Gas Networks Ireland granted permission for renewable gas injection facility
An Bord Pleanála approved the proposed development in Mitchelstown, following original planning permission granted by Cork County Council in May 2020.
The new facility will have the capacity to receive renewable gas produced from farm and food waste from multiple local producers. It has the potential to heat up to 64,000 homes when operating at full capacity, while also supporting the decarbonisation of local agriculture.
The facility can receive renewable gas from more than 20 local AD plants and will enable the establishment of a sustainable renewable gas industry in the region, providing local jobs and additional revenue from sources such as the sale of feedstocks used to generate renewable gas, bio-fertiliser, and renewable gas.
“The Mitchelstown injection facility in an important step in replacing the natural gas on the network today with sustainably produced, carbon-neutral renewable gas which is entirely compatible with the existing gas infrastructure,” said GNI’s head of asset management, Bobby Gleeson.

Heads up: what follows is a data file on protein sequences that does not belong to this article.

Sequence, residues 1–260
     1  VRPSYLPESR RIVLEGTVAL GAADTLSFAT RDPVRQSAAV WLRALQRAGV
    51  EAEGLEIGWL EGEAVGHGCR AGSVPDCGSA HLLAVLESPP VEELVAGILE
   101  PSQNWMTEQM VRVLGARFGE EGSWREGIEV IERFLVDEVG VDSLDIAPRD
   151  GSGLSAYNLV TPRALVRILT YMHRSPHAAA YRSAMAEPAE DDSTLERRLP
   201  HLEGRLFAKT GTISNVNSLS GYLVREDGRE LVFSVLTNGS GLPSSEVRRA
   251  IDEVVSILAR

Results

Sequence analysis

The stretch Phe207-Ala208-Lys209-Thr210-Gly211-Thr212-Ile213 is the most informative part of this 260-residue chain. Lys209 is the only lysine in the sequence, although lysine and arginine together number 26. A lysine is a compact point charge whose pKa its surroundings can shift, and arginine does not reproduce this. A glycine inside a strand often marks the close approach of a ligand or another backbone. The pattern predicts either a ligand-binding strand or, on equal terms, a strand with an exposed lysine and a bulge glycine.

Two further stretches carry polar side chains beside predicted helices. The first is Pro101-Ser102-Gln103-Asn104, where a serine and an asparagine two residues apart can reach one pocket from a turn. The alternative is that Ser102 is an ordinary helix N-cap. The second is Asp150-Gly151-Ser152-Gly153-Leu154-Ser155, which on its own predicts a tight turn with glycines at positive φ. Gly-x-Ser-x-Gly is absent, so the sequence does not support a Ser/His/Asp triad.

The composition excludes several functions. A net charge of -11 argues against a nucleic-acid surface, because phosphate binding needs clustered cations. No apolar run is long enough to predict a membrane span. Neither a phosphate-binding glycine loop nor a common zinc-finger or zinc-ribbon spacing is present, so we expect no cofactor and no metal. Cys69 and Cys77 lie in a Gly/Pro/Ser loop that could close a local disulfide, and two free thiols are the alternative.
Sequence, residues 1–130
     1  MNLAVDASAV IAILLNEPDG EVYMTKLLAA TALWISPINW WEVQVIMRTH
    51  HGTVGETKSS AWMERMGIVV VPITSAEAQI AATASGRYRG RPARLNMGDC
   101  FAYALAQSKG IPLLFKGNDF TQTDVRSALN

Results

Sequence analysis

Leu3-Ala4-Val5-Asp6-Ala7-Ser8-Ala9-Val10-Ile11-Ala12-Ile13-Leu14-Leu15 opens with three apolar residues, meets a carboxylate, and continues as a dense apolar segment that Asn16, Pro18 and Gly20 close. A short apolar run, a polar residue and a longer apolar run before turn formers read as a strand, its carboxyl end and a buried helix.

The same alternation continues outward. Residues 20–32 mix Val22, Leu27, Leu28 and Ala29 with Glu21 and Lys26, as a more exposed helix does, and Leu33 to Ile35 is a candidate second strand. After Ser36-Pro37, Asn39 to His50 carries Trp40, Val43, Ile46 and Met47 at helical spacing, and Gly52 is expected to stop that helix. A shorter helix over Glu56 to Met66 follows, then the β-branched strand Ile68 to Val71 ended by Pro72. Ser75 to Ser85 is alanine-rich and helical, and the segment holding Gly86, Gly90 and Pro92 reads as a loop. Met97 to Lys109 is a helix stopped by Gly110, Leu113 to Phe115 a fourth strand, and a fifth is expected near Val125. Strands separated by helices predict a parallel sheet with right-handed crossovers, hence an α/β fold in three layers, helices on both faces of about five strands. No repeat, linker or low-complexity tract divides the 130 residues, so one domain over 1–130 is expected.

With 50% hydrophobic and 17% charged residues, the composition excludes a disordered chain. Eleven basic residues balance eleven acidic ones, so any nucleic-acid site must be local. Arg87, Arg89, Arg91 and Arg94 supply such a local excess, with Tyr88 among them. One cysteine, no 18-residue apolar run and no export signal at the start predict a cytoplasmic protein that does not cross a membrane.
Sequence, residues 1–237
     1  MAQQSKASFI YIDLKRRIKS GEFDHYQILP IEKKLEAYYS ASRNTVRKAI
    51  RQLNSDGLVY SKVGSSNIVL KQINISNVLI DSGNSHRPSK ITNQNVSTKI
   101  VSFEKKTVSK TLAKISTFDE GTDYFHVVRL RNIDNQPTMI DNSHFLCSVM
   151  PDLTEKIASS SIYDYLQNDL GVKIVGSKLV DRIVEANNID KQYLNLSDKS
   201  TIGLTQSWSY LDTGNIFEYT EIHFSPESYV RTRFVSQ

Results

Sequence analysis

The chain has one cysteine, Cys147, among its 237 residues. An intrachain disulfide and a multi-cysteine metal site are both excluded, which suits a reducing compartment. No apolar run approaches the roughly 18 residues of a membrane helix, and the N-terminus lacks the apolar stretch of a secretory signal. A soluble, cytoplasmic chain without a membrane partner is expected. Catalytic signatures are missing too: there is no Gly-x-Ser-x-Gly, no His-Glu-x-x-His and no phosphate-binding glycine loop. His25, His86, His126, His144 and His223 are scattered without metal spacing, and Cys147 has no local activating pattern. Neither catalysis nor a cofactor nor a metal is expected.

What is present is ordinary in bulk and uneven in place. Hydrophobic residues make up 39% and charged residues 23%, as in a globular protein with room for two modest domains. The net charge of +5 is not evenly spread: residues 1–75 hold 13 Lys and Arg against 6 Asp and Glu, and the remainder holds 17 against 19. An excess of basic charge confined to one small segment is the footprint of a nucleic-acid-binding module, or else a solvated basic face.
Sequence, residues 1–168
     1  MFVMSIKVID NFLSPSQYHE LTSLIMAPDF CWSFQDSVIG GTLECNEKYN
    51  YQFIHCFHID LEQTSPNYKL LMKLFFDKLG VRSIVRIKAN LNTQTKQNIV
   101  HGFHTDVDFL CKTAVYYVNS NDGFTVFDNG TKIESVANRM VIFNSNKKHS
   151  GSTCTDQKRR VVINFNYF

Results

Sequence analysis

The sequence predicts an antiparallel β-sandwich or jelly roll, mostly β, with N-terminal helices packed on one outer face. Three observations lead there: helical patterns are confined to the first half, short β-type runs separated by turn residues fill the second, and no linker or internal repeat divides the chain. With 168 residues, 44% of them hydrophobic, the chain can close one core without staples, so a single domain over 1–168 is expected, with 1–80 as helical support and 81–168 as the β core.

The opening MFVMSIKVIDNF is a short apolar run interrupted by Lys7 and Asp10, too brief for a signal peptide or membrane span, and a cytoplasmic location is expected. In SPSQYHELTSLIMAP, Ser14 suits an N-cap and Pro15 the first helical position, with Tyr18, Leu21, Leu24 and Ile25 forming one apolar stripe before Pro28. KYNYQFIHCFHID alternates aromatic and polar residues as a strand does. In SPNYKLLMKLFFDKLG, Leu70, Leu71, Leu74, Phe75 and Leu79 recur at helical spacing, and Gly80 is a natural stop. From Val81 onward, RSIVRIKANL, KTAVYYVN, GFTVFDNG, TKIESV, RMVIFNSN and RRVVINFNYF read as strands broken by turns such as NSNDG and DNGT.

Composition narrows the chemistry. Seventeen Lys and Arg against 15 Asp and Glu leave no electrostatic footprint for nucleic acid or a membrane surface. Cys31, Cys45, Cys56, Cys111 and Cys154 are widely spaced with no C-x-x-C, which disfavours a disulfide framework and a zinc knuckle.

“The facility positions Cork, and in particular the Mitchelstown area, at the forefront of enabling sustainable circular economies that will help decarbonise Ireland’s gas network and reduce emissions across a number of key sectors, including agriculture.
“We would like to thank the local community for their support of this project and both Cork County Council and An Bord Pleanála for their approval of this important development.”
Producing renewable gas from farm and food waste is a key feature of the EU Green Deal’s Farm to Fork Strategy, which provides a roadmap for a sustainable, healthy, equitable food system.
The facility is part of the GRAZE Gas project, shortlisted for funding by the Department of Environment, Climate, and Communications under the Climate Action Fund.
Construction is due to start mid-2021 and the first phase is expected to be operational by Q3 2022.